The town planning debates about this waterfront area is also interesting to read about – both professional opinion and that of everyday people from all over the world eg. Trip Advisor reviews etc. As can be seen from the map above, and some of the reproduction European/Victorian buildings (most Architects would say rather kitsch), this area looks and feels even more touristy than many similar waterfront cities; although Sydney’s Circular Quay area can also feel similar in parts. While thinking about similarities with Sydney…Sydney’s Museum of Contemporary Art (in an original Art Deco building not far from The Harbour Bridge) has brought some opportunities for both enjoyment and engagement/understanding of our historic waterfront/country – in a world where deep thinking seems to be dismissed too readily in our view. I’m sure many South Africans are hoping that their new museum will do similar. With the new museum and what’s already there, it’s not hard to find lots to see/do/hear/eat!…many good cafes and restaurants, including HarbourHouse, which we tried one evening (see previous post if interested). This waterfront is also the Gateway to Robben Island where Nelson Mandela was imprisoned.
Robben Island...see previous post if interested…think I wrote about the need for seasickness meds if you have a tendency to get ill if sea is a bit rough! They worked well for me! We booked this trip (an hour or so on a ferry) a few days before we actually went as they needed to postpone due to bad weather. It was still very cold/windy on the day but generally ok. My recommendation would be to only go if it’s of particular interest as you can learn about the prisoners’ stories at other museums and galleries. Even a little on the walls at the ticket office! We found one guide (a bus tour of island) was interesting and engaging but another (inside the cells) spoke very quickly – often about detail that seemed to lose the audience’s interest, partly because he was also very repetitive. Perhaps we were unlucky as I understand they have a number of different guides.
The National Gallery – the theme was The Art of Craft…photos above and below):Tony sometimes goes his own way if I linger too long in galleries/museums or decides to go somewhere completely different and we reunite for lunch or dinner. Not this day – the smaller size of this gallery appealed to him.It was actually a lot smaller than we expected and some rooms were in process of having art removed and walls painted – we read that on Trip Advisor before we went and asked at reception but they didn’t give us any helpful info. Perhaps some pieces were being moved to the new Museum of Contemporary Art? However, at the time, it was an interesting visit for 60 Rand (Au$6) for both of us and close to the Company Gardens (previous post) and cafe where we had a very light lunch. We walked back to the waterfront – about 20 min. As can be seen from the photos I’ve chosen, there were both commemorative and celebratory pieces…as well as lots of others – some which gave challenging food for thought.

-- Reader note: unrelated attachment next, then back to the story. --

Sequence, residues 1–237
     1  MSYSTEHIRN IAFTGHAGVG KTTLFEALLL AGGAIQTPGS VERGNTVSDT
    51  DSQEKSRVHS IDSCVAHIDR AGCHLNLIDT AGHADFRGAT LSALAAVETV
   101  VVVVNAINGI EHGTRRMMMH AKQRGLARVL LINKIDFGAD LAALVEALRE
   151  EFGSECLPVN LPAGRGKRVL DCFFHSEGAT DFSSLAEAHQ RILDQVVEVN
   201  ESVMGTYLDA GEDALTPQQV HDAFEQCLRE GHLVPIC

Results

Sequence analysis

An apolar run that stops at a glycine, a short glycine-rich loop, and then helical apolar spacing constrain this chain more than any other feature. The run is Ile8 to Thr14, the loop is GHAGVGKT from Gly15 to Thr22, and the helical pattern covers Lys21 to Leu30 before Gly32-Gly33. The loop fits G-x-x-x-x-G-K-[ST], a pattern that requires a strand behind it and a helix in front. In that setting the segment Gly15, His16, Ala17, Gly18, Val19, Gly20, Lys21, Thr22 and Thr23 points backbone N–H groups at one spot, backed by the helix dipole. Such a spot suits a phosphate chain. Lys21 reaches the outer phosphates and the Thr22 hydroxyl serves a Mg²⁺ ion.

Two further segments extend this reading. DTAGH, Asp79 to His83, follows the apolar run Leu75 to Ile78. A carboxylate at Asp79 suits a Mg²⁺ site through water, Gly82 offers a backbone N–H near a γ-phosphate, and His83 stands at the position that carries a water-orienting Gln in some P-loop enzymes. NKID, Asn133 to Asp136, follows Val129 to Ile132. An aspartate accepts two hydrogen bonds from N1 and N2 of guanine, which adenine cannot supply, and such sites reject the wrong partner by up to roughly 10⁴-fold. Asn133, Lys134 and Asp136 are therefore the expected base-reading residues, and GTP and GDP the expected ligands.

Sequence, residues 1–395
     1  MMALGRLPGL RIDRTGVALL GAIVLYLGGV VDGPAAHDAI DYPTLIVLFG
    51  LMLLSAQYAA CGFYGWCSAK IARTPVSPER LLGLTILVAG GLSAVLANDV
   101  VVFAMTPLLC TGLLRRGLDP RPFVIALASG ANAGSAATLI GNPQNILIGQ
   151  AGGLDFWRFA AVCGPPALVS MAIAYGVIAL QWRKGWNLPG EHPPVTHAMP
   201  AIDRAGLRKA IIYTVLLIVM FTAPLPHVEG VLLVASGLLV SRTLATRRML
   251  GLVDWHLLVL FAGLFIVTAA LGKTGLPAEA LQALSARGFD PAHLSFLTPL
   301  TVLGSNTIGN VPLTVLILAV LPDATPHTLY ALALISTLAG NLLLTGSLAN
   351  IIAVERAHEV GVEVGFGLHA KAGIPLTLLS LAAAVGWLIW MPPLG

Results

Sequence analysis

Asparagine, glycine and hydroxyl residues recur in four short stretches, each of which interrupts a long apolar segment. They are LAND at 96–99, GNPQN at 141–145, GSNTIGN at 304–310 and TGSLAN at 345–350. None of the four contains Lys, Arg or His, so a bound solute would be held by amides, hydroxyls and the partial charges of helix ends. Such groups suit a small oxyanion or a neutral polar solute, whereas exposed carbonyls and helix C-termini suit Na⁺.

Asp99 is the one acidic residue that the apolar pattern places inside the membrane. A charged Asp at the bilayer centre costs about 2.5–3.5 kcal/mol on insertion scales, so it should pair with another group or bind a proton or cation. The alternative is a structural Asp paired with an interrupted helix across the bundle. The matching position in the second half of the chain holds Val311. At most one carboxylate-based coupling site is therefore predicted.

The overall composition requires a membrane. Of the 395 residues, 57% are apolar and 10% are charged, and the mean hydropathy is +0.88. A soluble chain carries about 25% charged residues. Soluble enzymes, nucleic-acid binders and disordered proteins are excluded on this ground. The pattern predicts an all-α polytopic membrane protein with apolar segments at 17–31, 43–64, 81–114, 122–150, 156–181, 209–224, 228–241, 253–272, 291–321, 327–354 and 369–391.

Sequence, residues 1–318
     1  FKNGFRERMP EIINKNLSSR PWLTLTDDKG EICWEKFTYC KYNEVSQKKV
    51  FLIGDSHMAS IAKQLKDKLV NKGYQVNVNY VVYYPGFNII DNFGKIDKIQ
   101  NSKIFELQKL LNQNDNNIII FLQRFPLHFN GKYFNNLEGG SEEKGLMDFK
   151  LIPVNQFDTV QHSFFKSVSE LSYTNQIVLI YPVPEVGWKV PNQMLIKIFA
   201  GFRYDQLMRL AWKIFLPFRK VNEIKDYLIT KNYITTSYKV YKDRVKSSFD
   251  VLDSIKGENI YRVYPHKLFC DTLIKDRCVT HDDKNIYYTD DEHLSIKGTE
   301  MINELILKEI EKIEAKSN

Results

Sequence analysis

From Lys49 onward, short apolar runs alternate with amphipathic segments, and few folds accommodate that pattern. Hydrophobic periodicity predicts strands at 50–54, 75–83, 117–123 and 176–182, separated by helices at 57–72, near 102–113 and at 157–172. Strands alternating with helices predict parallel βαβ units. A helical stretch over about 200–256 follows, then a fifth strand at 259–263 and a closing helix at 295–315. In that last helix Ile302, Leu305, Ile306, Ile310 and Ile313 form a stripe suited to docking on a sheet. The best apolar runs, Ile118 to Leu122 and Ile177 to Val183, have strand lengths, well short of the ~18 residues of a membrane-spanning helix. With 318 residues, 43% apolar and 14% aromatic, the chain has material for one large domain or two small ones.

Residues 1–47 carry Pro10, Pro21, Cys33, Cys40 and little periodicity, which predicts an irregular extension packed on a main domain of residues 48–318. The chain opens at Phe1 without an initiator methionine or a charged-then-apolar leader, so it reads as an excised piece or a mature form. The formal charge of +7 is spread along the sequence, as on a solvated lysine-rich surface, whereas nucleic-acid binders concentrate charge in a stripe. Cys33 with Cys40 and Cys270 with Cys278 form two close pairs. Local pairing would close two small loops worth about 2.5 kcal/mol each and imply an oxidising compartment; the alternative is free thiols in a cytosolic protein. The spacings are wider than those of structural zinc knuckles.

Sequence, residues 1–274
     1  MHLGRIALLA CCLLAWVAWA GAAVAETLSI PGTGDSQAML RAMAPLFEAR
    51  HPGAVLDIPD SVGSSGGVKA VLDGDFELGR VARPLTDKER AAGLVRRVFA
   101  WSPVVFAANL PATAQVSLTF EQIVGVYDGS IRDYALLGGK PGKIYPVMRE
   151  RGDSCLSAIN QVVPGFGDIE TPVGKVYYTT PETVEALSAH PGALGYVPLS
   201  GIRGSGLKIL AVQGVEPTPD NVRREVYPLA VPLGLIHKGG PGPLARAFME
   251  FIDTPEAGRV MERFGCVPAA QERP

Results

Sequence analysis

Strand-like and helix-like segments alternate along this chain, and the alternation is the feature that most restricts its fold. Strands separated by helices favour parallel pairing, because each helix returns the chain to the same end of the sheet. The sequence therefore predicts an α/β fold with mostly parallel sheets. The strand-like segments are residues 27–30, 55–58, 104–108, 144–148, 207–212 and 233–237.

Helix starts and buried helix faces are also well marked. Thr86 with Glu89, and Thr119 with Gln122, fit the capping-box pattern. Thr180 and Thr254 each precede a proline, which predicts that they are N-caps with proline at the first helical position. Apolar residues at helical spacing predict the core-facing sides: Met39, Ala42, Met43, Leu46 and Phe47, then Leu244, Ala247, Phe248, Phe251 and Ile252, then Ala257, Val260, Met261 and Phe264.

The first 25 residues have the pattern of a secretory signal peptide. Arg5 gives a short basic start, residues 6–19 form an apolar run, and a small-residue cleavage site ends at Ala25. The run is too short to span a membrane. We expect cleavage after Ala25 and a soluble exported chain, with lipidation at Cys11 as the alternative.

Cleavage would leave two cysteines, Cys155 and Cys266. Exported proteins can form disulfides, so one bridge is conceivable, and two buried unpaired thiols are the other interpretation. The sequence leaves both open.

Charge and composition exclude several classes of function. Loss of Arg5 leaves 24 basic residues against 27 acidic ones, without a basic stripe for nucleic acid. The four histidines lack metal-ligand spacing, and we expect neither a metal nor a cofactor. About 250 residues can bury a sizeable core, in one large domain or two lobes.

LASTLY SOME AFRICAN INSPIRED BOOKS/RECIPES:I found a book called “Nourishment for the Traditionally Built Cookbook” at our local library. It grabbed my interest because it is sprinkled with quotes from “The No. 1 Ladies’ Detective Agency” novels (later a DVD set) which I highly recommend…set in Botswana (where we hope to go in a few years). A friend of mine gave me the first novel just as I entered hospital for my 2nd spinal surgery in 2010. I loved it so went on to buy them all. They’re good reading if you’re going through tough times (or even if you’re just tired!) as easy to read, generally light and amusing but many issues to ponder to keep the story lines so engaging.
Here’s one of the quotes: “What a lovely smell it was, the smell of food. That was one of the great pleasures of life, in Mma Ramotswe’s view – the smell of cooking drifting on the wind; the smell of maize cobs roasting on the open fire, of beef sizzling in its fat, of large chunks of pumpkin boiling in the pot. They were part of the smells of home, that warmed the heart and made the mouth water in anticipation.” Alexander McCall Smith’s, Blue Shoes and Happiness – Novel No. ?…will check!
On the subject of pumpkin…a super simple recipe here but there’s also pumpkin soup and other pumpkin recipes in this book. I spice my pumpkin soup (and scrambled eggs!) up a bit with turmeric – not an African spice of course but recommended for good brain health by my Aust’n/Indian/British! Dr (GP) for “good brain health”. She says that research indicates that if eaten in long term it can reduce risk of dementia in later life. Hopefully I’m not too late!
Steamed Pumpkin Slices – an easy one to teach children (minus sugar😉 )
Ingredients: Pumpkin; water; salt; a little sugar (optional); butter.
Method: To steam, place slices of pumpkin in a pan with a little water, salt (and sugar, if you love your sugar as Mma Ramotswe does!). Cover with a lid, ensuring that the water does not all evaporate. Cook for 30-40 min until the outer skin is soft (the greener pumpkin has a thicker skin). Serve with a little butter…or a lot if you’re like Mma Ramotswe! So a very basic recipe in this post but we did notice that pumpkin is popular in Africa! There’s also a big European influence on African food of course especially around the vineyard districts eg. Franschhoek (see previous post/recipes if interested). My next South African posts will be places we stayed in/near Cape Town eg. Mosaic Lodge on the lake near the coastal area of Hermanus (a few hours from CT) + more wildlife safari photos from Inyati – Sabi Sands near Kruger National Park. Inyati’s neighbour at Sabi Sands is Richard Branson who has a similar safari lodge. He also has a vineyard/winery at Franschhoek so he must love South Africa too!